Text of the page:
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    I think it is good to do a quick recap for anything you mention in your current series. But it doesn't have to be a long explanation. I know as a reader, even if I've read a book from the beginning story I don't remember everything that's happened. Especially if that first series was read a year or more ago. So yes, I think if there are details in your first book necessary to know, you need to remind your readers of it in the following books.
     
  20. Catrin Lewis

    Catrin Lewis Contributor Contributor Community Volunteer

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    Not a bizarre question at all. I'm wrestling with how much backstory to include in my romantic suspense series, each book of which stands alone but will feature the same MCs.

    There's a good chance I've put too much into Book 2. I'll edit it out when I get the ms finished.
     
  21. bparker

    bparker New Member

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    I'm not a series writer by any means, so I'm not the authority on this, but I think it's best to work it in like a TV show. The show has a sequential story, but people can tune in at any episode and understand most of what's going on (or at least enjoy the ride).

    I'd make sure to indicate to the reader that the characters have been there before (especially helpful for people who have read the other books in the series and just don't remember).
    "He entered the barn, wondering if it would look the same as it did before he left for college, and was immediately overcome by the familiar pungent stench of compost."
    We know he's been there before, and we've reset the scene. People who are familiar with this will piece it together with the past, and newcomers will be able to follow along.

    So I guess the best approach is to touch on the past and familiar ideas, but don't go in to too much detail unless it's necessary to the story.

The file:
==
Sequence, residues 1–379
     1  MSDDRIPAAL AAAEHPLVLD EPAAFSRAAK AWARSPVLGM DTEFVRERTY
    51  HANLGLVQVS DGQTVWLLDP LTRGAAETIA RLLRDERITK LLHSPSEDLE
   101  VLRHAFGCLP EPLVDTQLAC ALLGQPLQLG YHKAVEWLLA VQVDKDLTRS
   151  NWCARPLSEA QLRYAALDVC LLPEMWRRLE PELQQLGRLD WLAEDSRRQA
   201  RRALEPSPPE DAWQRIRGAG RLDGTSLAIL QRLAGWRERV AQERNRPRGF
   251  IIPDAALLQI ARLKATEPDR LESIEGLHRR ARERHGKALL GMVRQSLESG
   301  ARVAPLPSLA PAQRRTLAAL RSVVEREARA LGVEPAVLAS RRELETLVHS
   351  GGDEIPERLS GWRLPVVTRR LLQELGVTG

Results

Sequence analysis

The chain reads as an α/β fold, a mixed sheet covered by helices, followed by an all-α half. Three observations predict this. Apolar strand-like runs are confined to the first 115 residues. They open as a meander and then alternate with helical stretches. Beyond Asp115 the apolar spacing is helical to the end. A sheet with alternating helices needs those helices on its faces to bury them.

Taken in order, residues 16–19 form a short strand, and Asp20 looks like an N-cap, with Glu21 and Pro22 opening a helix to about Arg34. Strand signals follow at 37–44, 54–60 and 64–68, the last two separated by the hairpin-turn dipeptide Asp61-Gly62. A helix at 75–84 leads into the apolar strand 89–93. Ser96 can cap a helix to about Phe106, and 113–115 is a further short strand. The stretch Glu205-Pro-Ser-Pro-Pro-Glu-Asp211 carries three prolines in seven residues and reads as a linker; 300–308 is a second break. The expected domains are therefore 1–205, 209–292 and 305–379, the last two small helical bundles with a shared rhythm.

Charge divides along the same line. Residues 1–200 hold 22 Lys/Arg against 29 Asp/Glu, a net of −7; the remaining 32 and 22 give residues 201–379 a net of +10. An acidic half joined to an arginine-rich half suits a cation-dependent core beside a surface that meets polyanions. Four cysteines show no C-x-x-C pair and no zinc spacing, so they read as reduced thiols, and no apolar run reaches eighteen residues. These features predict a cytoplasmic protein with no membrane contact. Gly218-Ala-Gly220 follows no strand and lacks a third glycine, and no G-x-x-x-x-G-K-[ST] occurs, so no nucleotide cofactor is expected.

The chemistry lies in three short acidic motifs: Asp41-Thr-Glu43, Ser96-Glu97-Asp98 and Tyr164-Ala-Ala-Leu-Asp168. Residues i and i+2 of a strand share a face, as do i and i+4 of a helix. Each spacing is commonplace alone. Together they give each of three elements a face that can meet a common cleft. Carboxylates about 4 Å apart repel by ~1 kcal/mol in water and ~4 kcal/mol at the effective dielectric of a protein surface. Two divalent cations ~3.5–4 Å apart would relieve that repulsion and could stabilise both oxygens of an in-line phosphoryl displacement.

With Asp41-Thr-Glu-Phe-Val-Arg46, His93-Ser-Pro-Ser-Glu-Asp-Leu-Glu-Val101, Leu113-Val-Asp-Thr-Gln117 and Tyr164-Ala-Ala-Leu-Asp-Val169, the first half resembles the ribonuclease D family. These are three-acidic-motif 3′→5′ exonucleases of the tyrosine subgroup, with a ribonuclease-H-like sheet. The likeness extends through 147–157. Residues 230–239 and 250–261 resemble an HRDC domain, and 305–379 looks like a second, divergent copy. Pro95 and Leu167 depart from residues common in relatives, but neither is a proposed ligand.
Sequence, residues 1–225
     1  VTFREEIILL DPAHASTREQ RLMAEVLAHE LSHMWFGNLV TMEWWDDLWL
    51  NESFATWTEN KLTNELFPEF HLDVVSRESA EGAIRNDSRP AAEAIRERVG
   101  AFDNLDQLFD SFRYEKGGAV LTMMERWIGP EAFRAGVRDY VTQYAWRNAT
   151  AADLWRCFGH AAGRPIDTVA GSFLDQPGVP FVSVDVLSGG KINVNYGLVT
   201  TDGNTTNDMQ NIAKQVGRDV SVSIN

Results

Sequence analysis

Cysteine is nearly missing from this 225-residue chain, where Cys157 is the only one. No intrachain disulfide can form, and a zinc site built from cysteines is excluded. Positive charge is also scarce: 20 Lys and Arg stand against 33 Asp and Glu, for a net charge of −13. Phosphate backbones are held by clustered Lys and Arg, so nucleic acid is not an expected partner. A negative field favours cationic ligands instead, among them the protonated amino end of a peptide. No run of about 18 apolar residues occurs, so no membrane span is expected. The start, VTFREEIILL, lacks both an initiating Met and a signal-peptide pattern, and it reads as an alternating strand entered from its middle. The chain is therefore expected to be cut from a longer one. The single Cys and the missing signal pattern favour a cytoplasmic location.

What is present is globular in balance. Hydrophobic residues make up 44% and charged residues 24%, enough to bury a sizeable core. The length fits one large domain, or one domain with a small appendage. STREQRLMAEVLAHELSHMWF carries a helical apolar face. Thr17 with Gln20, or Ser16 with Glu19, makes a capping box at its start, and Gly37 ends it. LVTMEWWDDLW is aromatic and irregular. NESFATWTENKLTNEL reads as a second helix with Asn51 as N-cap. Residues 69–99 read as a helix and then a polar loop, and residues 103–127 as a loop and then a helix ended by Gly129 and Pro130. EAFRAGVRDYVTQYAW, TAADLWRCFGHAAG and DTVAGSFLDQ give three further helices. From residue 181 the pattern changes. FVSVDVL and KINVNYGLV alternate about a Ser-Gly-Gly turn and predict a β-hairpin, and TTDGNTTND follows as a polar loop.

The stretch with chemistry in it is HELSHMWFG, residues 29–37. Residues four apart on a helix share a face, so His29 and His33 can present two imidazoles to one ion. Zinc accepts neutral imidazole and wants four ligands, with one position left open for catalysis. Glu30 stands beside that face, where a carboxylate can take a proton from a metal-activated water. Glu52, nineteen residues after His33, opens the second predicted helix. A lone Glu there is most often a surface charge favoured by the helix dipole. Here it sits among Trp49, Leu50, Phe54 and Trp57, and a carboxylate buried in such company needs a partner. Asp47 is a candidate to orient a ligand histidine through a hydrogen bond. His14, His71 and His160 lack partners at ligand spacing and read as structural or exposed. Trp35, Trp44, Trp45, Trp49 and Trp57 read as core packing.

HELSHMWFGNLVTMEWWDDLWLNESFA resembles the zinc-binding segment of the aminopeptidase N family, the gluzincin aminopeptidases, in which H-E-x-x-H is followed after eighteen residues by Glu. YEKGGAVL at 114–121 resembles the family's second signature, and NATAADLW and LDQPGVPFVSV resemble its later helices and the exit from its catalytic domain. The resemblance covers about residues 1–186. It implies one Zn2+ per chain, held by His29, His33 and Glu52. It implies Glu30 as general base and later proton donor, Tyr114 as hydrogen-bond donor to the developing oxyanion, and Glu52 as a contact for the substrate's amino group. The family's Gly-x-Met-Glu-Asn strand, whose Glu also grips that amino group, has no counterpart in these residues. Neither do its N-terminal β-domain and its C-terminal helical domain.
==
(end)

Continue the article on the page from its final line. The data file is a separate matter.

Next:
22. KiraAnn

    KiraAnn Active Member

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    Nowadays, more and more tv shows are moving to season long plots. I don’t watch them.

    When I consider books for purchase, if I see that it is in a series and I can determine that the same plot stretches over multiple books, I put it back. Won’t buy that.
     
  23. Richach

    Richach Contributor Contributor

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    Whilst I wrestle with writing my story in 70k words, I can recap it in 250 words.


    I don’t think it is a problem to recap the gist of the series in some way in each book. If anything, it’s an opportunity to plug the other books. Or if you don’t like the commercial term 'plug,' then by all means choose another that sounds more artistic or palatable.


    I also think having a common theme throughout a series is a good thing, otherwise it is not a series. One needs to deal with the reality of what is in order for a book or a series of books to stand up.


    It is important not to become precious about such matters, after all, good writing is good writing. It will require creativity and practicality.


    All readers will make sense of writing, not because of how it is written, but because making sense of all things is the human condition. We just simply stimulate the readers curiosity.
     
  24. GrJs

    GrJs Active Member

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    I think this really depends on how intertwined your story lines are. If you're setting up for big payoffs like in Game of Thrones it is necessary to read from the beginning of the series.

    But a series like say the H.I.V.E series, it's not entirely necessary. Generally in that series a plot line can carry on from one book to another but it's generally just light foreshadowing then an incomplete story line to make up the next book.

    It's kind of the same for Lord of The Rings. It's definitely not necessary to read each story in chronological order. However, a fantasy world with a more complicated world building, like in Percy Jackson you could be overwhelmed by just jumping into to at any random point in the series.

    Ranger's Apprentice you would recommend to start from the beginning because of character growth and relationship plot lines but in terms of story plot you could pick up one of the books and start wherever. You just would get the full experience.

    Some series are written to be stand alone novels in their own right, only taking place in the same world and with the same characters. But whether or not you should make the assumption that your readers have read previous books entirely depends on whether you're playing the long game payoff like Game of Thrones, or short game play off like the Shane Schofield Series that has a neat story all wrapped up in one book but brings it's characters back for more adventures not at all pertaining to the original book.
     
  25. Cephus

    Cephus Senior Member

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    Which is fine, I do the same thing, but what I think a lot of people are missing is this person didn't want a general recap of previous important events, they essentially wanted me to write the entire first book into the second book so that they wouldn't have to read the first book at all.

    Sorry, that's not who I'm writing for.